Animal Rituals from the Persian Period at Tel Dor

Lidar Sapir-Hen, Yiftah Shalev

Research output: Chapter in Book/Report/Conference proceedingChapterpeer-review

Abstract

A unique circular feature comprising a deliberate deposit of five layers of animal bones and pottery sherds was uncovered in a stratum dated to the Persian period at Tel Dor. The bones included mainly equids and cattle. Their relative frequencies, skeletal-element completeness and exploitation differed significantly from daily-life practices at Tel Dor, as reflected in the animal economy. The pottery sherds included large handles of jars and amphorae, common types within the pottery assemblages at the site, that were chosen, most probably, due to their resemblance to long bones. It is suggested that the significance of this unique deposit is related to its location in proximity to ten dog burials, in a small area that possibly served both for dumping refuse and for ceremonial purposes. Based on the characteristics of the deposit and considering possible influences of Achaemenid religion on southern Phoenician culture, we argue that the bone-pottery deposit represents a local version of a non-institutionalized purification ritual.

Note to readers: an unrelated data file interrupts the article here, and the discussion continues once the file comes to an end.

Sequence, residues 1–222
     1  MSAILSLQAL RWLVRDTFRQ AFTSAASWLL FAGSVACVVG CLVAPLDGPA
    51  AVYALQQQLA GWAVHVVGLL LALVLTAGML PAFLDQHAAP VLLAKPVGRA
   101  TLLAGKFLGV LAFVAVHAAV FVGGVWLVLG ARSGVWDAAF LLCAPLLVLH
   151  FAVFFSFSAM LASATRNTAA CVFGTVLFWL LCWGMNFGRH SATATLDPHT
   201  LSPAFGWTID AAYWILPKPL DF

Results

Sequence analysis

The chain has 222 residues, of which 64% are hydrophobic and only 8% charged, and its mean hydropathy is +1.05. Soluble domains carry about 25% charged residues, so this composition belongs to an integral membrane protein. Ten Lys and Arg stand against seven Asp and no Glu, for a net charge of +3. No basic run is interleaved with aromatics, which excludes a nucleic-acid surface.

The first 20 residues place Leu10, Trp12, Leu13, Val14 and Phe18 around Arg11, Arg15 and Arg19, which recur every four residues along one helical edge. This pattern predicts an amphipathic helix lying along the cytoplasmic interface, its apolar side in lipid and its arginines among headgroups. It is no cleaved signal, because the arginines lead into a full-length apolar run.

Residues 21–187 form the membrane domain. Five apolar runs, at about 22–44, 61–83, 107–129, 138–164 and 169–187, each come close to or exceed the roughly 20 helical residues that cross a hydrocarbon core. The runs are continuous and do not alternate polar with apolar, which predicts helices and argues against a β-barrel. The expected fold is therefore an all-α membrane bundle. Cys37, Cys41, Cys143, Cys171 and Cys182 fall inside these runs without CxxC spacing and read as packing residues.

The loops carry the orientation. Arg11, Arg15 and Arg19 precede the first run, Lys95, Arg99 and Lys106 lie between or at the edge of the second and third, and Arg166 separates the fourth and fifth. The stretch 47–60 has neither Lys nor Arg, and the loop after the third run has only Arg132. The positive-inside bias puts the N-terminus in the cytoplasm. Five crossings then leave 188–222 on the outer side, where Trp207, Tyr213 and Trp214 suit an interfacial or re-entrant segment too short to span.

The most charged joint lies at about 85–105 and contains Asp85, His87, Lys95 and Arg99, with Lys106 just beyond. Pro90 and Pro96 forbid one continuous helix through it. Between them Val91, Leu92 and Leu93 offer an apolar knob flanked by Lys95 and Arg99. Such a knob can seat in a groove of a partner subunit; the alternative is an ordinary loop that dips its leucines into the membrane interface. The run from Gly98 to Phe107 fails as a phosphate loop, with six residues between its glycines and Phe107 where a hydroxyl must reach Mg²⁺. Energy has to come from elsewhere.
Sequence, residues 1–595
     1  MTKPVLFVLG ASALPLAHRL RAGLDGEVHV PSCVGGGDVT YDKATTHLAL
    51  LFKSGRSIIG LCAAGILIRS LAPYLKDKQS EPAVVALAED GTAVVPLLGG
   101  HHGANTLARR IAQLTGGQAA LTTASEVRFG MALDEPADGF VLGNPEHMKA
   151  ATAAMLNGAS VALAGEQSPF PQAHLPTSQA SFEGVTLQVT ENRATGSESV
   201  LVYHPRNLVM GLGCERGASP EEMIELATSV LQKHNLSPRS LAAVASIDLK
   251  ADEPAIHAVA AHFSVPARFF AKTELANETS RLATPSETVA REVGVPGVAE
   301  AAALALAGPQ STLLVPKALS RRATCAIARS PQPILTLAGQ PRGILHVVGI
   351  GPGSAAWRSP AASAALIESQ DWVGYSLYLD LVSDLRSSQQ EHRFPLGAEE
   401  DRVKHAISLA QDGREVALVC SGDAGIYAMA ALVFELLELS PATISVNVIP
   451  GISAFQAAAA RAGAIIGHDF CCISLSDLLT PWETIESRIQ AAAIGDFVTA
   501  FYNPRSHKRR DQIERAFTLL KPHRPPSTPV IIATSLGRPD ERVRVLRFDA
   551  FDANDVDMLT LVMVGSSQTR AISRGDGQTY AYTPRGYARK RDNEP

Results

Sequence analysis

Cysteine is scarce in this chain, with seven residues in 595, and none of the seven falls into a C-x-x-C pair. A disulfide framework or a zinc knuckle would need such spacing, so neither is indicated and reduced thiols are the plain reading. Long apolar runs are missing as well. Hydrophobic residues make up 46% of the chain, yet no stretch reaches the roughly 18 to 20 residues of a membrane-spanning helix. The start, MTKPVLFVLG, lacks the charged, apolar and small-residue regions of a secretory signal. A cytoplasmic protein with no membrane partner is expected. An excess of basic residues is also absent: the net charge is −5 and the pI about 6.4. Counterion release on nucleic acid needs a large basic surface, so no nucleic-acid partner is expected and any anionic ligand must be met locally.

Original languageEnglish
Title of host publicationMaterial, Method, and Meaning
Subtitle of host publicationPapers in Eastern Mediterranean Archaeology in Honor of Ilan Sharon
EditorsUri Davidovich, Naama Yahalom-Mack, Sveta Мatskevich
Place of PublicationMünster
PublisherZaphon
Pages117-129, 410
ISBN (Electronic)9783963271779
ISBN (Print)9783963271762
StatePublished - 2022

Publication series

NameÄgypten und Altes Testament
PublisherZaphon
Number110
ISSN (Print)0720-9061

Keywords

  • Tel Dor
  • Persian period
  • animal bones
  • ritual
  • dog burials
  • Sharon Plain
  • southern Phoenicia

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